Yeah, he actually went with the "think of the children" line. Fuckin' embarrassing.

But the real good shit comes with Oilers' PR flack J.J. Hebert's attempts to clear the air.
Edmonton Oilers media relations director J.J. Hebert says blogger Dave Berry of Covered in Oil was temporarily banned from the Oilers press box last week because of the "disrespectful and embarrassing" content of Berry's live blog commentary on the Oilers' home opener.

"It was disrespectful, it was embarrassing and we simply do not need it," Hebert says.

What triggered it initially was the content," adds Allan Watt, vice-president of communications for the Oilers. "It was profane."

If we've learned nothing else from Pat Laforge-and I think we haven't-it's that disrespectful and profanity-laden comments about players will only be tolerated once said players are traded (right Doug Weight, you big pussy?)

Having read the live blog in question, I find the particular criticism to be interesting to say the least. I count a single use of the word "fuck" in there, but beyond that, the post is pretty vanilla. One thing it is not is uncritical, so it's easy to see why it would get the flack's knickers in a twist.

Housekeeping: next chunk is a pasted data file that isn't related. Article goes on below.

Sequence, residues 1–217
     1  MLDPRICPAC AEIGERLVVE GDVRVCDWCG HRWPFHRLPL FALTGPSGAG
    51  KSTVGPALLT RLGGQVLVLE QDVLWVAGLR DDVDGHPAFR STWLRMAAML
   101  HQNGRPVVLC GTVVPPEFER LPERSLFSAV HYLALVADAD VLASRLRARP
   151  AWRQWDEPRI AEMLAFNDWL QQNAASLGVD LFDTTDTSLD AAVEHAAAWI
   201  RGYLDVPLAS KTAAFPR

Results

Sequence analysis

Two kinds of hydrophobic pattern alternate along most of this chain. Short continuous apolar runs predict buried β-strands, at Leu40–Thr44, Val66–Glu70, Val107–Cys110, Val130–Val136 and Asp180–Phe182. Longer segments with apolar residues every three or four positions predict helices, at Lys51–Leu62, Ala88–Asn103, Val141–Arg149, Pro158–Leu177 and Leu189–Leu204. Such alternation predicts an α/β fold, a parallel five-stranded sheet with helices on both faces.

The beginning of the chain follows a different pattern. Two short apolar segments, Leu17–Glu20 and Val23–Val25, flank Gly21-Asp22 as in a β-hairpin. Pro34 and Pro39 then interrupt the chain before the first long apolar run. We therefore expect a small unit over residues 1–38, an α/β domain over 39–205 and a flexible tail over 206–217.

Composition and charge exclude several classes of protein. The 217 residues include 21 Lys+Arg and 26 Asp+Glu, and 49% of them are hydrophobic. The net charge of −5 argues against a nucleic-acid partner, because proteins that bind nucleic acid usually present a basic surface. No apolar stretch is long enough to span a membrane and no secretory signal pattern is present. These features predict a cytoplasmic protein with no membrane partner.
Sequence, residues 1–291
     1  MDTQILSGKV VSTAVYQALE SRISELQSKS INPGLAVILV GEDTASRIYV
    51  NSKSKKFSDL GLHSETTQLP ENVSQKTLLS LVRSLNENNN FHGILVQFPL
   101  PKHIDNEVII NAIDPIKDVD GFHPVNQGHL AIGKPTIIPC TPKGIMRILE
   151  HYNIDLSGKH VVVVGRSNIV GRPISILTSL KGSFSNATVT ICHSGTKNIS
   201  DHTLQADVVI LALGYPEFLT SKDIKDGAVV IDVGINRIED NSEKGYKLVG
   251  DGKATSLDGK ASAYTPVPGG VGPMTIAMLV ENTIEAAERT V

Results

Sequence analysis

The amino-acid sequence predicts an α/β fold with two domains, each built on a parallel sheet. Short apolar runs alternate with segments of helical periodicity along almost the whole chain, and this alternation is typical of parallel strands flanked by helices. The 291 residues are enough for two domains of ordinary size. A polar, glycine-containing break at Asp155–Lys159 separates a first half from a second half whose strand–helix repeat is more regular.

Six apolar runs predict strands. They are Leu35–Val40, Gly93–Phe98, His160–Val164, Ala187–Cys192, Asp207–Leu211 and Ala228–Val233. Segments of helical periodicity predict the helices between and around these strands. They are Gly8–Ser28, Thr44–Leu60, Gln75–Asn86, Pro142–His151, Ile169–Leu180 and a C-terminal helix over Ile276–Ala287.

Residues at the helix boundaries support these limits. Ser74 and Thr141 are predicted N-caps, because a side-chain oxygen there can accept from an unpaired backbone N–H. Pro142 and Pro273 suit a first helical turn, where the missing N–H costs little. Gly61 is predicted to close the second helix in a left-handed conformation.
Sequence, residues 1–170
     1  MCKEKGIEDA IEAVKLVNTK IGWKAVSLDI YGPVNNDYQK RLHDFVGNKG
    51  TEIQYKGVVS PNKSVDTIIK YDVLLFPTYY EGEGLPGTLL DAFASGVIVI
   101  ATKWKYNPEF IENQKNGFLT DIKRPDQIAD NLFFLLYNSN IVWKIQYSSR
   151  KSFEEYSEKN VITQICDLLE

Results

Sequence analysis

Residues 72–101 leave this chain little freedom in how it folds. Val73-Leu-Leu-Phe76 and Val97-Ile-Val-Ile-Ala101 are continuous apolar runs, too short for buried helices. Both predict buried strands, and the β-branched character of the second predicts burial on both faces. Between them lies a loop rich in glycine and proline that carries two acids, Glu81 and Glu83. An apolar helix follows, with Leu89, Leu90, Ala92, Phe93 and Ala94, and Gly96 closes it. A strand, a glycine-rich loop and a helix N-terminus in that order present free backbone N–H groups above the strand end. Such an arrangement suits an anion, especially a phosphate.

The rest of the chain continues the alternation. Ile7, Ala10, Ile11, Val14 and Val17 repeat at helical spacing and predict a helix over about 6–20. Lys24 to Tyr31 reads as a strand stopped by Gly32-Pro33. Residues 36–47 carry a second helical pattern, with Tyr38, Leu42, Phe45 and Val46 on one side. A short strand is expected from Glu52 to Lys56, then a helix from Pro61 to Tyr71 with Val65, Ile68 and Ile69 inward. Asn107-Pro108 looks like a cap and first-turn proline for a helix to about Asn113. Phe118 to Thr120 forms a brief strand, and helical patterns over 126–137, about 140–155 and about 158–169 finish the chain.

Hebert goes on to say that problem with treating bloggers the same as members of the MSM, aside from their potty mouths, is there's just so gosh darn many of them.

Hebert says the Oilers will not give accreditation to any independent blogger right now. There are simply too many bloggers at this point for the Oilers to try to pick and choose and accommodate any of them. "Our players are just inundated with requests, as well as phone requests, every day. For us to say yes to Joe Blow's blog, there's 300 more of them out there.